Settled along the Missouri River in 1854, Omaha’s history can be described with a series of pioneering and Native American tales. The riverfront skyline and population continue to grow with mass appeal as the city is consistently ranked among the best in the country for jobs and raising a family. With more than a million living within 50 miles of the city centre, this charming place boasts big city amenities and small town hospitality. Take a look at our Omaha guide for the top places to visit on your next trip to Nebraska.
The artistic Bob Kerrey Bridge, modern CenturyLink Center and towering First-National Building are just a few of the eye catching monuments adding to Omaha’s diverse skyline. Visitors flying into Eppley Airfield will love the views of the historic Old Market district, sharing waterfront real estate with Iowa’s beautiful bluffs.
Omaha’s Old Market is a designated historic district on the National Register of Historic Places. Many of the original warehouses, built around the time of the city’s inception, now function as trendy lofts or business offices. Because of its central location, Omaha was named “The Gateway to the West” and has been a bustling hub for transporting goods for generations.
If there are three things Omaha does right, it’s business, food and entertainment. Famous for big name billionaires and baseball dreams, Omaha welcomes millions of visitors from all over the world to enjoy a bit of “The Good Life” in the American Heartland. Whether you’re visiting one of the many Fortune 500 and 1000 companies, taking your family to the College World Series, or exploring one of the nationally ranked restaurants, you can expect great hospitality and an easy-going atmosphere.
For a truly unique experience, jump-start your visit by booking a room in one of Omaha’s beautiful boutique hotels. The Magnolia and Hotel Deco XV are located blocks from each other in the Old Market district, offering comfort and luxury within two of the city’s divine landmark buildings. For modern flare in Midtown, stay at the eco-friendly Element Hotel on 33rd and Dodge streets.
Planning an itinerary is simplified when you know which neighbourhood you’re going to. The six areas to know, in order from east to west, are the Old Market, Midtown, Dundee, Benson, Aksarben and West Omaha. Visitors will find the city becomes increasingly suburban as they venture west, though there is always something new to experience around every corner.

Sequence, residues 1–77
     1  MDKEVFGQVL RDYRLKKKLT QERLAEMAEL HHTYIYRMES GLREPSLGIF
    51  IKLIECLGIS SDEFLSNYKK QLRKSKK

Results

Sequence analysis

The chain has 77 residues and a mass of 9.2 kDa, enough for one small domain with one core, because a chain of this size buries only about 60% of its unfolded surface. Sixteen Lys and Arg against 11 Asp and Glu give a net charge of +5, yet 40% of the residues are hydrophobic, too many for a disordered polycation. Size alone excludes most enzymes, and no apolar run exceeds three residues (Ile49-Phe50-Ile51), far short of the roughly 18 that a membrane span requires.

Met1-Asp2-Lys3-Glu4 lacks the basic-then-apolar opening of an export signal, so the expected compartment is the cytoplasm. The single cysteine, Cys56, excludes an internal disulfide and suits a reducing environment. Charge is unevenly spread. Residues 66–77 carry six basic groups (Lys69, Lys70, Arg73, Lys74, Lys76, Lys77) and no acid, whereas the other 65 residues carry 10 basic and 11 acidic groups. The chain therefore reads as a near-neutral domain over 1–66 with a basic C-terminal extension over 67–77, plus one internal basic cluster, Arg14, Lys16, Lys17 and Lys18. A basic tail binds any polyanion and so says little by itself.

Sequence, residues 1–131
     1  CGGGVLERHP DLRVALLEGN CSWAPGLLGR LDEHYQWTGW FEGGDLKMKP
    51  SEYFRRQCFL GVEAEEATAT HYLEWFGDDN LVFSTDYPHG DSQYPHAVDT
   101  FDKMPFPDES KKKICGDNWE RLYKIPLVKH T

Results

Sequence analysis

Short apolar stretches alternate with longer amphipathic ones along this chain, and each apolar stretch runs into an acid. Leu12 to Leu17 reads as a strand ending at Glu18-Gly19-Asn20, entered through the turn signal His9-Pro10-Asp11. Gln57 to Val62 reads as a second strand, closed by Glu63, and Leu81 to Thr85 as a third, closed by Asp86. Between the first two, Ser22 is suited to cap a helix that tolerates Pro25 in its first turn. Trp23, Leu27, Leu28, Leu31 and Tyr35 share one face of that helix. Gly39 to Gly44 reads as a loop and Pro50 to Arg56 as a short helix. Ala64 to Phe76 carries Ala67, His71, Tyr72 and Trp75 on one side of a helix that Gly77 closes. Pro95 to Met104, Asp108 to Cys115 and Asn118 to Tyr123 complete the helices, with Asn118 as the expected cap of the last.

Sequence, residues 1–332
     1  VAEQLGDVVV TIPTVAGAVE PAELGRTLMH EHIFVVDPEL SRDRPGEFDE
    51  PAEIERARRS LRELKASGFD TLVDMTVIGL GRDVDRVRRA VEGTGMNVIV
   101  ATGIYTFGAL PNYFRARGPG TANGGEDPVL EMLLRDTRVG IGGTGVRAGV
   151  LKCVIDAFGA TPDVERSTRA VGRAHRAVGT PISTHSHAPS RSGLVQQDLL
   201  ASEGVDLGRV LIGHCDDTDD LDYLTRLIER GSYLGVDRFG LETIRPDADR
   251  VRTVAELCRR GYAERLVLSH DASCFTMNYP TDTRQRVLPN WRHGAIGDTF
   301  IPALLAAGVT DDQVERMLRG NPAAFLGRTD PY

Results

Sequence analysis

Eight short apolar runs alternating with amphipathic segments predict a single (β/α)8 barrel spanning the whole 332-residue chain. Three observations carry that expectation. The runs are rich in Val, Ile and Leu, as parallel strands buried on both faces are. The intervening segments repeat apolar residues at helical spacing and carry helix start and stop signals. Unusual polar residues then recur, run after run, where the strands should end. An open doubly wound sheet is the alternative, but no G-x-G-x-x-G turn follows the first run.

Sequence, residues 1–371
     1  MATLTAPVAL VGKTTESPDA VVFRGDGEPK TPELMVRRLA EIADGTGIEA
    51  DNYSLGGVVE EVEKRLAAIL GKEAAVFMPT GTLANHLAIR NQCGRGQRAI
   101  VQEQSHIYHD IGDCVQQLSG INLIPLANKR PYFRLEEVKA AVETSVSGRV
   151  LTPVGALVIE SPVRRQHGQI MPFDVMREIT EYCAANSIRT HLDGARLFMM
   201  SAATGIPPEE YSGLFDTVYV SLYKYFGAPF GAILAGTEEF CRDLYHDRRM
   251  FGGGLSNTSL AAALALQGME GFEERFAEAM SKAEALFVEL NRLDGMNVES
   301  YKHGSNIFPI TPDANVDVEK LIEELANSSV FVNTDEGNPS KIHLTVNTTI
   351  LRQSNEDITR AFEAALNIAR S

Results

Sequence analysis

Foodies would be wise to stick with east and central Omaha as the majority of the city’s popular and culture-rich dining options are located between Old Market and Benson areas. For fine dinning in Midtown, visit the country’s “greenest restaurant”, The Grey Plume. This minimalist establishment is devoted to creative and conservative composition, using what they call a “no-waste” attitude. Travel north to Dundee where you can experience one of Omaha’s famous culinary creations, the Reuben sandwich, at the iconic Dundee Dell. Even further north, Benson is brimming with gastronomic goodness. Enjoy a latte and live music at Aromas Coffeehouse or dinner at one of Benson’s celebrated restaurants like Lot 2 or Espaa Tapas Bar.
If shopping is your travel niche, Omaha has much to offer. While you won’t find high-end department stores like Nordstrom or Bloomingdales, Omaha’s entrepreneurial spirit is showcased through fabulous boutiques. The shopaholic looking for quirky consignment or quality threads will find options all over the city. Visit Nouvelle Eve in the Old Market and Scout Dry Goods in Dundee or head west for Luvbird, beYourself, Four Sisters and more!
Artsy folk will appreciate the versatility of Omaha’s creative scene. From the Joslyn Art Museum and Children’s Museum to the Orpheum Theater and various live music venues, there is no shortage of cultural exposure in this fine city. Admission to the Joslyn Museum is free, with ticketed exhibitions like Andy Warhol and Renoir, changing regularly. The Slowdown, Waiting Room, Sokol Auditorium and Reverb Lounge are a few of the more intimate venues, frequently hosting local musicians and popular tours.
In addition to the versatile arts and performance scene, visitors will enjoy the rich history of the Durham Museum. Travel south to Lauritzen Gardens, Omaha’s four-season botanical garden museum, and make sure to check out Kenefick Park. Here guests can learn about Omaha’s Union Pacific Railroad while gawking at Centennial No. 6900 and Big Boy No. 4023, the world’s largest diesel-electric and steam engine locomotives.
While Omaha has something to offer year round, you’ll find an overflow of activities and events during June and August. From weekly festivals and the College World Series to outdoor concerts and more, summertime in Omaha is hot for more reasons than one!
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Have you visited any of the places in our Omaha guide? Which are your favourite spots in the city? Let us know in the comments section below.
Written by Michelle Bazis